People Who Loved The Sea


October 11, 2015


With only about one-sixth of the original coral cover left, most Caribbean coral reefs may disappear in the next 20 years, primarily due to the loss of grazers in the region, according to the latest report by the Global Coral Reef Monitoring Network (GCRMN), the International Union for Conservation of Nature (IUCN) and the United Nations Environment Programme (UNEP).

There was another report issued in 2014 by UNEP which stated that over 30 per cent of the natural capital costs of plastic are due to greenhouse gas emissions from raw material extraction and processing. However, it notes that marine pollution is the largest downstream cost, and that the figure of US$13 billion is likely a significant underestimate.

A large and unquantifiable amount of plastic waste enters the ocean from littering, poorly managed landfills, tourist activities and fisheries. Some of this material sinks to the ocean floor, while some floats and can travel over great distances on ocean currents polluting shorelines and accumulating in massive mid-ocean gyres.

There have been many reliable reports of environmental damage due to plastic waste: mortality or illness when ingested by sea creatures such as turtles, entanglement of animals such as dolphins and whales, and damage to critical habitats such as coral reefs. There are also concerns about chemical contamination, invasive species spread by plastic fragments, and economic damage to the fishing and tourism industries in many countries by, for example, fouling fishing equipment and polluting beaches.

It has been a serious issue where green house gases and global warming have been a major factor for coral bleaching and destruction to marine life. Sri Lanka also have faced similar such issues in the coastal line with the seal level rising. I met two passionate scuba divers who have been with the sea and observed the changes in the sea during past 40 years. Mr.Lakshaman Mutukuda started his diving career 40 years ago. Been a PADI Scuba Diving Trainer, Lakshman Muthukuda, a professional diver having more than 25 years of experience is the director of UHDC and he is personally conducting training courses. He has been a PADI professional for 15 years and has trained more than a thousand of students from every part of the world. Today he observes the changes in the sea where he feels that younger generation have a huge role to play in saving the sea.

Those days shore was clear, but now it’s under the sea. It has caused lot of destruction to the area. Sea changes In the off season, now there’s a big change in the weather, its usual that sea gets changes with the off season, but season starts right time, but now we can see raining every time even in the hi season. So the visibility is low, how far you can see horizontally, that’s how a diver say, because the particles in the water doesn’t gets settled and visibility goes down. So constant raining helps all these particles not to get settle down” He further stated that change of weather patterns and sea level rise is a huge issue for photosynthesis in the sea.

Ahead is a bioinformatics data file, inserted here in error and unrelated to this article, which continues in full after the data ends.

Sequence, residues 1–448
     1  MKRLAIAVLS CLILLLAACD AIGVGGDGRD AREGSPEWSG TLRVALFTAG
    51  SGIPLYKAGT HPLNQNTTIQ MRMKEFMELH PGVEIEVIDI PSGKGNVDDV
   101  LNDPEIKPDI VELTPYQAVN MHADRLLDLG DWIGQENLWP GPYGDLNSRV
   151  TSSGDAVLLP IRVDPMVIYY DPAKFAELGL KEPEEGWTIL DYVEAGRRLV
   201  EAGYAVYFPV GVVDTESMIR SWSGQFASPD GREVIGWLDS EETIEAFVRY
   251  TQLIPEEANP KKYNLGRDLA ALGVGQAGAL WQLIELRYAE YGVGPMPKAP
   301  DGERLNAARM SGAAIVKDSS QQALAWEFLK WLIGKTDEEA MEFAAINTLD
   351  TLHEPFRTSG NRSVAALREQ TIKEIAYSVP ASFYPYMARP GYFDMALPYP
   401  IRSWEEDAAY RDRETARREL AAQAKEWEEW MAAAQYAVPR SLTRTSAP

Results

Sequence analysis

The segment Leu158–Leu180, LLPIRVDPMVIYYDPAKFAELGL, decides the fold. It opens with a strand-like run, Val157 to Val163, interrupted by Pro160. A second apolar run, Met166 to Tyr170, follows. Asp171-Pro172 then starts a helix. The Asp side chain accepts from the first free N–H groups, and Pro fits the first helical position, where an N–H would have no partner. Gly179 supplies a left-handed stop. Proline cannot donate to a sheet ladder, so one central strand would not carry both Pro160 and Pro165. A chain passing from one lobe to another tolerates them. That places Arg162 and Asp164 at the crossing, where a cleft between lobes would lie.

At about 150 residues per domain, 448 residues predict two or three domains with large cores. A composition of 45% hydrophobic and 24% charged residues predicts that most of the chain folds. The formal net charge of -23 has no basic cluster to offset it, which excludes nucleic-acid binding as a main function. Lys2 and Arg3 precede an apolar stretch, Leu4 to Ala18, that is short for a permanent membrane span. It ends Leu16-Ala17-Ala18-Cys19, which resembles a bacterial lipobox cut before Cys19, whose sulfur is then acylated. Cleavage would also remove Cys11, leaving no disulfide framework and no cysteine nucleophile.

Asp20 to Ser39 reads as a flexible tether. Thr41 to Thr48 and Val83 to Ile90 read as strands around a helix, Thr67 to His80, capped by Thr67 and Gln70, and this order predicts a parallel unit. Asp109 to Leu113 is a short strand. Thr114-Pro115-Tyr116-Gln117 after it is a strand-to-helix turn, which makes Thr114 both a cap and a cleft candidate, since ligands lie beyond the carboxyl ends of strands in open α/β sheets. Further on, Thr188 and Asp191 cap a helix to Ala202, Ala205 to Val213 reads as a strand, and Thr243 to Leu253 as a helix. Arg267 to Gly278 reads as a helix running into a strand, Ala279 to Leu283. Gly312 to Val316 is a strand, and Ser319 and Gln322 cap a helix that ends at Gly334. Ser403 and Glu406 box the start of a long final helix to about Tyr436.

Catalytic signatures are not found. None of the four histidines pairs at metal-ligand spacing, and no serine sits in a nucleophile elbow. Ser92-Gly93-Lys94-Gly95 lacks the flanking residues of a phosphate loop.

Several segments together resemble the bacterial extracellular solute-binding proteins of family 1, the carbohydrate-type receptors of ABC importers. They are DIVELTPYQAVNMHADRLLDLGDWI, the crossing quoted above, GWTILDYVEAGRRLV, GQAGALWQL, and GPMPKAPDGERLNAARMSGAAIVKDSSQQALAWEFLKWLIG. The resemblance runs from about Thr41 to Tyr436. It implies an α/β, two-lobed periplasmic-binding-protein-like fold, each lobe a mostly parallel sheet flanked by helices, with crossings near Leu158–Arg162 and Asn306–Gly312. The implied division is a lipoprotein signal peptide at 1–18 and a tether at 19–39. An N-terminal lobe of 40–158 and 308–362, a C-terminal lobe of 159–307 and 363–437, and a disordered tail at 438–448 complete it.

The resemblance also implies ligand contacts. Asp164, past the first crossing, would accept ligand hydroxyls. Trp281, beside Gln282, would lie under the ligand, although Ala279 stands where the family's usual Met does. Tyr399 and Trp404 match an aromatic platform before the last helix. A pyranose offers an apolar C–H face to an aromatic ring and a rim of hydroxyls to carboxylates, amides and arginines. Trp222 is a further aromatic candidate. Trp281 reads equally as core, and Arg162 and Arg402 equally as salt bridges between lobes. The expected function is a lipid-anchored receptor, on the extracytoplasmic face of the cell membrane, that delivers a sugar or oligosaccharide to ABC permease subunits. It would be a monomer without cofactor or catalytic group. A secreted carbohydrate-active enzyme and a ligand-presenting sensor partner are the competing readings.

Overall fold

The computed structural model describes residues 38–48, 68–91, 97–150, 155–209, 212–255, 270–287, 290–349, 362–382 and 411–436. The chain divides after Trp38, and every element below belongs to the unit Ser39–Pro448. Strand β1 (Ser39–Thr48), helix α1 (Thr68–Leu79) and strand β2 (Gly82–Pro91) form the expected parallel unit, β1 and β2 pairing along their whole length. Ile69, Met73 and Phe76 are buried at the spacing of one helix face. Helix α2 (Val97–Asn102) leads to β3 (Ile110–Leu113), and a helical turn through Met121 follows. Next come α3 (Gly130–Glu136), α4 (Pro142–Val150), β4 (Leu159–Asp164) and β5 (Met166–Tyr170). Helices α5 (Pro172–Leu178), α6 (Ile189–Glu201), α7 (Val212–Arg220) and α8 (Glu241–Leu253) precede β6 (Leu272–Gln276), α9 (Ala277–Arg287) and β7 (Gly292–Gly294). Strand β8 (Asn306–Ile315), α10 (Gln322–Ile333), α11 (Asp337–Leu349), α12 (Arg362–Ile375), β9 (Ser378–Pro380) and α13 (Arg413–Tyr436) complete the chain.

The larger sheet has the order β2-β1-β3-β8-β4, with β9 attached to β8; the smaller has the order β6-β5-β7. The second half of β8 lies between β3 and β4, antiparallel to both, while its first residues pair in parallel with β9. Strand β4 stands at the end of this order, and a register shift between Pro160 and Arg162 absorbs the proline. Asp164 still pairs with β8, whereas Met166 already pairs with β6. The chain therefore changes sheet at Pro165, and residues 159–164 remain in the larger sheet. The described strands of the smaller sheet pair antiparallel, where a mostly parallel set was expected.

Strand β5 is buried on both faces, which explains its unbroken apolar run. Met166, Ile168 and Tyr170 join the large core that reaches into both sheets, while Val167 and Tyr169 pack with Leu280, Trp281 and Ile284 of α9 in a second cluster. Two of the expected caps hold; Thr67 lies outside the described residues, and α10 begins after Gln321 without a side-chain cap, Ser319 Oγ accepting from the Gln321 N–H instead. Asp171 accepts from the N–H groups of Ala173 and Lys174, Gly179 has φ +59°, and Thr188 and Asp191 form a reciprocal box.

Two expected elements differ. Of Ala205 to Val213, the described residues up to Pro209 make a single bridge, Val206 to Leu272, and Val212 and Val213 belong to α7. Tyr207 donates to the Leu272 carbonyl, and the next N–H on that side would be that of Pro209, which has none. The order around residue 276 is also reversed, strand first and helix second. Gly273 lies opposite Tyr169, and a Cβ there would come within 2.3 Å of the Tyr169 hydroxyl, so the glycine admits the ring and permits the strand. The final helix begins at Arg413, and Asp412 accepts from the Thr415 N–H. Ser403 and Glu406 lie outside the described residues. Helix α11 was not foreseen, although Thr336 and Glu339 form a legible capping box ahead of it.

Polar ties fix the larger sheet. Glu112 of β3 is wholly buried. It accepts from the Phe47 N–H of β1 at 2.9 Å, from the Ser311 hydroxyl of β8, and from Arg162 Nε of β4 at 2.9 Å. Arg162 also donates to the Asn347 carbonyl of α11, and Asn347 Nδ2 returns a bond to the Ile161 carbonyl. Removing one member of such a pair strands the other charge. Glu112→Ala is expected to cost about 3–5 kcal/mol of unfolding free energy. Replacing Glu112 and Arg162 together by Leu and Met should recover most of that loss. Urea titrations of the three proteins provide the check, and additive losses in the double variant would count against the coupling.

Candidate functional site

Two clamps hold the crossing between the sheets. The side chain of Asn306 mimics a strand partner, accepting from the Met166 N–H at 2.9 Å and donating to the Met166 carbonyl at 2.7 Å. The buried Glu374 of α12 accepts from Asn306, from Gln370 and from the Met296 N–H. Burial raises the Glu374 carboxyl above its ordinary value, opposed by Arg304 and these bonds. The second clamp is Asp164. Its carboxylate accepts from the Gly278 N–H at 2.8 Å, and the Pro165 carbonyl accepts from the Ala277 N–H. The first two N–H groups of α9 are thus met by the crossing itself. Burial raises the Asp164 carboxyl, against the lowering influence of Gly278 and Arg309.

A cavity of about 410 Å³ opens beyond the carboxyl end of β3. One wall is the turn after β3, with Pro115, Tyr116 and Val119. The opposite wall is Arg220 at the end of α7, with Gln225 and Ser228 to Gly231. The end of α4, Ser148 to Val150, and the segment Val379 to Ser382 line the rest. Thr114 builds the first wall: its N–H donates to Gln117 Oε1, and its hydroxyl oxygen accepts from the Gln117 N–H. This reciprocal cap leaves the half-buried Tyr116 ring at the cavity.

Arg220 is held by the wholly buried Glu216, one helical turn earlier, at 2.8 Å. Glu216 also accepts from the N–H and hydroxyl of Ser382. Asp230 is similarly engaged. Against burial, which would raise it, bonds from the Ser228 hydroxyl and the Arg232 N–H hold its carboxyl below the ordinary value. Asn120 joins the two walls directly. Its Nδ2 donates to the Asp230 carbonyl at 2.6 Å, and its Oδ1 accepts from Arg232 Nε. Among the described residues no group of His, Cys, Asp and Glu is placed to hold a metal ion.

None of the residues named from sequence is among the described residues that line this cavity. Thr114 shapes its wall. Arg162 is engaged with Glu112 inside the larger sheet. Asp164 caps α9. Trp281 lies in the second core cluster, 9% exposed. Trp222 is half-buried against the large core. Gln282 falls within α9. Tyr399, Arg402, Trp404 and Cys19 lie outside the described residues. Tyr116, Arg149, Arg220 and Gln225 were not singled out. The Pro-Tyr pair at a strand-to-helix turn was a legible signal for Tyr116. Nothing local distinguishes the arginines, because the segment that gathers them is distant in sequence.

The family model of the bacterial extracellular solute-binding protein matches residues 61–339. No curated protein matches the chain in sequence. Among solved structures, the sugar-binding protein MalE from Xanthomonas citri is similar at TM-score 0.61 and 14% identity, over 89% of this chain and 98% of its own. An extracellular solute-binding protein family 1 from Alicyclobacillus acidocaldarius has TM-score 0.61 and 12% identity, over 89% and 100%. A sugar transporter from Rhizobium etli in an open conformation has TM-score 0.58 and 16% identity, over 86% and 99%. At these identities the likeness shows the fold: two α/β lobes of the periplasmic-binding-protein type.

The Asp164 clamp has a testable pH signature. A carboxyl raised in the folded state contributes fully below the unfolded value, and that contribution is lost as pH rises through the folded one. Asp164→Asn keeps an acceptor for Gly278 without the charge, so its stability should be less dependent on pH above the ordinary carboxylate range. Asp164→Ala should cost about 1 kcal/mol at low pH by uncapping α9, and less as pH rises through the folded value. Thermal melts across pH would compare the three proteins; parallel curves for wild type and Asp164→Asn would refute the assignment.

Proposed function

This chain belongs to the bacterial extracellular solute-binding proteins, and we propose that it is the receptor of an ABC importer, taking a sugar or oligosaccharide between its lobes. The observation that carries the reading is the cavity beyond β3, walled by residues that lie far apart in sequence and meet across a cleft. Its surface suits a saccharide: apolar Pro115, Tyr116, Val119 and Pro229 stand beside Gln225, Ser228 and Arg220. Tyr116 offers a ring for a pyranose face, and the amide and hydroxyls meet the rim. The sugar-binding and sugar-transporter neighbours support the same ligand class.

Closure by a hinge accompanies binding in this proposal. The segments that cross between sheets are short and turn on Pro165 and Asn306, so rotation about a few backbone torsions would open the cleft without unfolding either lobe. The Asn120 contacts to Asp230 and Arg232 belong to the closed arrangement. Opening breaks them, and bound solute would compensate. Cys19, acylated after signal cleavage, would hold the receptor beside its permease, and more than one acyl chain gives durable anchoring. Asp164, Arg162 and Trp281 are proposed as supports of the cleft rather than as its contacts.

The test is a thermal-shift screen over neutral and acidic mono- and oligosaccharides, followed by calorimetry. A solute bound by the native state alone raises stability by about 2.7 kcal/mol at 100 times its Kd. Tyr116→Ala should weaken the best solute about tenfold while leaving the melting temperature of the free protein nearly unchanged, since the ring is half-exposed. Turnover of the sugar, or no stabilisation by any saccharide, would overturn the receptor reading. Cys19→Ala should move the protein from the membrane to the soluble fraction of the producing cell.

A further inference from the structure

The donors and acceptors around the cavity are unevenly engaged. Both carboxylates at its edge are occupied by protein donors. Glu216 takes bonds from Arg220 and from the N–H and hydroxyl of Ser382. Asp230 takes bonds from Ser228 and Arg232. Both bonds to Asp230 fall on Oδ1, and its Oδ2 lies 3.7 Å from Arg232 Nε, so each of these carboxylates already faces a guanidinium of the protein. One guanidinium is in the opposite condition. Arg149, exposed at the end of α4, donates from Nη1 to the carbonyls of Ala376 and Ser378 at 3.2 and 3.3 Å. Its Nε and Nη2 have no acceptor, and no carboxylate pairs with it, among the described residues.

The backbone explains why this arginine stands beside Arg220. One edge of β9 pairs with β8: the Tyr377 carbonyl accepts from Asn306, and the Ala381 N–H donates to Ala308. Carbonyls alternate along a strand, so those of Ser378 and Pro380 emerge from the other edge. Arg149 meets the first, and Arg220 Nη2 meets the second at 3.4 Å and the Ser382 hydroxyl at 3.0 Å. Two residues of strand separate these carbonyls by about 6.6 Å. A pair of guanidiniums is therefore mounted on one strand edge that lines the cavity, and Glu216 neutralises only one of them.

“Sea level rise is due to melting of ice, as I earlier said shore line is under the sea now, so sea level is rising affects the marine life of coral, sponge and anemone. So all these activities takes place with photosynthesis and sea level rising has caused less light to marine life which affects their photosynthesis process, If this is going to continue there will be lack of oxygen in the atmosphere, this is a cycle and now it has brake down so particles doesn’t gets settle as usual in the sea”.

Sumedha Liyanage  a colleague of Lakshman Mutukuda for the past 30 years and have been working together to photograph the beautiful sea depths in Sri Lanka. What he thinks that with the changes in the past 30 years that he observed taking of pictures underwater has become a risks for underwater ocean photographers in Sri Lanka.


“We need good light, clear water and perfect timing to take pictures underwater, but now all these does not happen together regularly. So we cannot plan a time to take pictures in the reef now as visibility is low due to weather, so we cannot plan anything as usual.” says Sumedha.

Today what Lakshman believes is that the younger generation needs to be more aware to save the marine life and take action for climate justice. “People are not aware on protecting the reefs, if we educate them from their childhood they will understand the importance of the sea and why we need to protect our precious marine life.” Today Lakshman have become a conservationists who wants to protect the beauty of the sea with the support of people like Sumedha Liyanage , Lakshman do lot of school awareness campaigns for kids around the coastal line of Sri Lanka.

It is essential to bring a solution globally for climate change as passionate people like Sumedha and Lakshman efforts will be valued for future generations.